Canadian General at NORAD sent fighter jets on Presidential orders to shoot down flight 93. This seems more in line with not only witness reports but
the statement by Donald Rumsfeld that the plane was shot down.
Reversing all previous statements, The Washington Envoy to Canada, Paul Cellucci told his Canadian audience that a Canadian general at NORAD
scrambled military jets under orders from Bush to shoot down flight 93
Missile rejection perplexes U.S.
By COLIN PERKEL AND BETH GORHAM
(CP) - Canada's apparent decision to stay out of a North American missile-defence system has dumbfounded Americans as an unnecessary giveaway of
sovereignty, Washington's envoy to Ottawa said Wednesday.
"We don't get it," Paul Cellucci said in Toronto. "If there's a missile incoming, and it's heading toward Canada, you are going to leave it up
to the United States to determine what to do about that missile. We don't think that is in Canada's sovereign interest."
Despite strong pressure from the U.S. to sign on, Prime Minister Paul Martin was expected to pull the plug on Canada's participation in the missile
program on Thursday.
However, reaction from American officials suggested the decision had already been made.
Regardless, said Cellucci, Washington would press ahead with its plans.
"We will deploy. We will protect North America," he said.
"We think Canada would want to be in the room deciding what to do about an incoming missile that might be heading toward Canada."
In Washington, State Department spokesman Richard Boucher said Canada had yet to inform the U.S. of its decision.
He refused to speculate on the effect a negative decision would have on relations between the two neighbours or whether it would cause a rift.
"We have a very solid basis of co-operation in many areas and we'll see how that sees us through," said Boucher.
A senior Canadian official who requested anonymity said Wednesday that Canada's decision was relayed at this week's NATO summit in Brussels attended
by Martin and President George W. Bush.
But Canada's interest in Norad, the joint Canada-U.S. air defence command, remains paramount, said the official.
"The key for Canada is preserving the Norad relationship. It's such an important command that losing it would not be in Canada's best
Boucher noted Canada and the U.S. amended an agreement last August to allow Norad to track any incoming rogue missiles.
Washington had hoped Canada would would go further and participate in building the continental defence shield, an elaborate system that some worry
could lead to weapons in space and an international arms race.
Cellucci compared the situation to one that occurred during the 9/11 terrorist attacks on the U.S. He noted that it was a Canadian general at Norad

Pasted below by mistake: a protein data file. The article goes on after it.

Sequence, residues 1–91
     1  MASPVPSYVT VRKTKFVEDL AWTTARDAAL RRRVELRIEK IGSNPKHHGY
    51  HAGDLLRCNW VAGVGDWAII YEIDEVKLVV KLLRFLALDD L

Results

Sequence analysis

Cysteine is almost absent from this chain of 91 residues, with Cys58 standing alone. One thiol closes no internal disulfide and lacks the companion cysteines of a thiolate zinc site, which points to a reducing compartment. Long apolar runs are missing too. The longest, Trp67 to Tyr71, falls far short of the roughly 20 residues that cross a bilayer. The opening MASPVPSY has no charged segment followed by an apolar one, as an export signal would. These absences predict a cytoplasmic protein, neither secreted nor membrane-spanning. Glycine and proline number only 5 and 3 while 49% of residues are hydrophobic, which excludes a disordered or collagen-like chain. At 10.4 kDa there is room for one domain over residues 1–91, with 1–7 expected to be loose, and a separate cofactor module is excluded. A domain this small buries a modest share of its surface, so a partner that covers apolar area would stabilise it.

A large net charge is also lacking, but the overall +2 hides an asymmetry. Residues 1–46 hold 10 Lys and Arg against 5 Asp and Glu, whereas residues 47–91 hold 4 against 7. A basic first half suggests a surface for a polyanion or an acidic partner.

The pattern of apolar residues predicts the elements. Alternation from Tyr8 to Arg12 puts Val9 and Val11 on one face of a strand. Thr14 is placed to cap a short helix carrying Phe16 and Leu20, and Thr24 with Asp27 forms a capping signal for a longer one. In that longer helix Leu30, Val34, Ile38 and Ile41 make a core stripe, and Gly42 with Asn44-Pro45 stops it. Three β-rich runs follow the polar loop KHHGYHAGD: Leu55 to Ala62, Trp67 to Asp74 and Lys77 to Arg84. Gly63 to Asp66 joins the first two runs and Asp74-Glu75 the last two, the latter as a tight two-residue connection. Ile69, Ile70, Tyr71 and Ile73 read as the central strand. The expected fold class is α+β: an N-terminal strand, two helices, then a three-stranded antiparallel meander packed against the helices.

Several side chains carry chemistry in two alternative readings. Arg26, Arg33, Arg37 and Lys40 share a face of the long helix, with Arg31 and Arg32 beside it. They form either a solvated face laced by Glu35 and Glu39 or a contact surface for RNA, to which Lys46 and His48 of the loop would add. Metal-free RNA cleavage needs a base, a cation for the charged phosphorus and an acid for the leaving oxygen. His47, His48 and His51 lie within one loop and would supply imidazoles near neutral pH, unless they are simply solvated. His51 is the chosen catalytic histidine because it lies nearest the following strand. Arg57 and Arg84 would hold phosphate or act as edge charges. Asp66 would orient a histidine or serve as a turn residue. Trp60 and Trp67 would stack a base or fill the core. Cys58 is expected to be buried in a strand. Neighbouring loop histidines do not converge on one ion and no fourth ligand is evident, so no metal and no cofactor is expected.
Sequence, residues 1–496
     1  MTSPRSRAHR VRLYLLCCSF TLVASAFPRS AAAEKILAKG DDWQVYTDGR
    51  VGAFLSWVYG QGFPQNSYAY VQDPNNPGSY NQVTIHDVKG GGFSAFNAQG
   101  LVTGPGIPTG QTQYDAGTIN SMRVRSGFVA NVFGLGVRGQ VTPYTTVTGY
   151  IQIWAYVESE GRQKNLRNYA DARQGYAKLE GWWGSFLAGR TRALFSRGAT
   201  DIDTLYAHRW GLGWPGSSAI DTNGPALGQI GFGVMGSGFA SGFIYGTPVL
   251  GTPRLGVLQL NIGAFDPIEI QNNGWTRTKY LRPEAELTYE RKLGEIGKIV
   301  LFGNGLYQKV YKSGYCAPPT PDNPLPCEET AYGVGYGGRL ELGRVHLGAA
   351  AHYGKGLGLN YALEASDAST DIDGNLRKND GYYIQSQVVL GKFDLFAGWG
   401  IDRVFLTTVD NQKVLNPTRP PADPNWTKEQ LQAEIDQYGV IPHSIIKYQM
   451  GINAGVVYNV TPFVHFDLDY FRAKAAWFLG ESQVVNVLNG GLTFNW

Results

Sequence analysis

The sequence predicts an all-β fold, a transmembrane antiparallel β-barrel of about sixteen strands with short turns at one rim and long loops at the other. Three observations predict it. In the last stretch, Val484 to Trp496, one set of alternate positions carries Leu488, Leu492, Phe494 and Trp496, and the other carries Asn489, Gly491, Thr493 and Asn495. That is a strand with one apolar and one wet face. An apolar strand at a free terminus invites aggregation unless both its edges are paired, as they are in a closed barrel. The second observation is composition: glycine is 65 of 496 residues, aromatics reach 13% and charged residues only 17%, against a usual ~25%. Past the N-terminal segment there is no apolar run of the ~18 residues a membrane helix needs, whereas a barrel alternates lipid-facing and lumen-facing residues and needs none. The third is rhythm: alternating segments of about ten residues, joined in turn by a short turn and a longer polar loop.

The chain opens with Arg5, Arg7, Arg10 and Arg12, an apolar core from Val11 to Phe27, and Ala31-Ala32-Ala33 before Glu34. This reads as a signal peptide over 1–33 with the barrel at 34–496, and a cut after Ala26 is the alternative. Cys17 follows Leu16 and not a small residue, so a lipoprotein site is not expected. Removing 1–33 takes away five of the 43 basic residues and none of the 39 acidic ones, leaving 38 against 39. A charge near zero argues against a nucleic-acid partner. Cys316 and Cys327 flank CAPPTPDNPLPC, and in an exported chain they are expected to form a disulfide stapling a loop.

who scrambled military jets under orders from Bush to shoot down a hijacked commercial aircraft headed for Washington.
Had that plane been flying over Canada, it would have fallen to the prime minister to make the decision to shoot it down, Cellucci said.
That's why Americans were "perplexed" as to why Canadians would want to leave it up to the Americans to decide what action to take in the event a
missile was aimed at Canada.
David Biette, director of the Canada Institute at the Woodrow Wilson International Centre for Scholars in Washington, agreed with Cellucci's
assessment that Canada is giving up sovereignty.
"I fear that it risks marginalizing Canada and Canada is ceding sovereignty by not being there when the decisions are being made," said Biette.
"It's making people unhappy in this administration that Canada is happy to take a free ride."
However, like Cellucci, Biette said he didn't think the issue would ultimately hurt Canada-U.S. relations.
Unpopular with most Canadians, the multibillion-dollar program to shoot down incoming missiles has been a political nightmare for Martin's minority
There's been intense pressure from Bush, who unexpectedly raised the issue during his visit to Canada last December and reportedly was blunt with
Martin in a private meeting.
Some U.S. analysts were shaking their heads at the intrigue and confusion stirred this week by Frank McKenna, who takes over as ambassador to the
United States next week.
McKenna told a Commons committee Tuesday that Canada is effectively already part of the missile-defence program, given Norad's increased
"We're part of it now and the question is what more do we need?" he asked. "What does 'sign on' mean?"
Behind closed doors Wednesday, Martin indicated Canada hadn't joined the missile program and suggested McKenna erred by saying otherwise.
"Did Frank express himself badly? Perhaps," is the way one Liberal described the prime minister's message at Wednesday's caucus meeting. Another
Liberal confirmed the account.
Liberal MPs have also been sent speaking notes from party brass, urging them to get out and toe the government line on missile defence.
"Canada is obviously not participating in BMD," said a copy of Tuesday's Liberal Research Bureau message obtained by The Canadian Press.
"The government has not taken that decision yet and the ambassador never intended to leave the opposite impression."
U.S. defence analyst Dwight Mason said Canada's refusal to get more involved would be "unfortunate in a symbolic sense."
"It's the first time since 1938 that Canada would have refused to participate in continental defence. It's a turning point. But the impact would be
much greater if Canada pulled back from where it is now."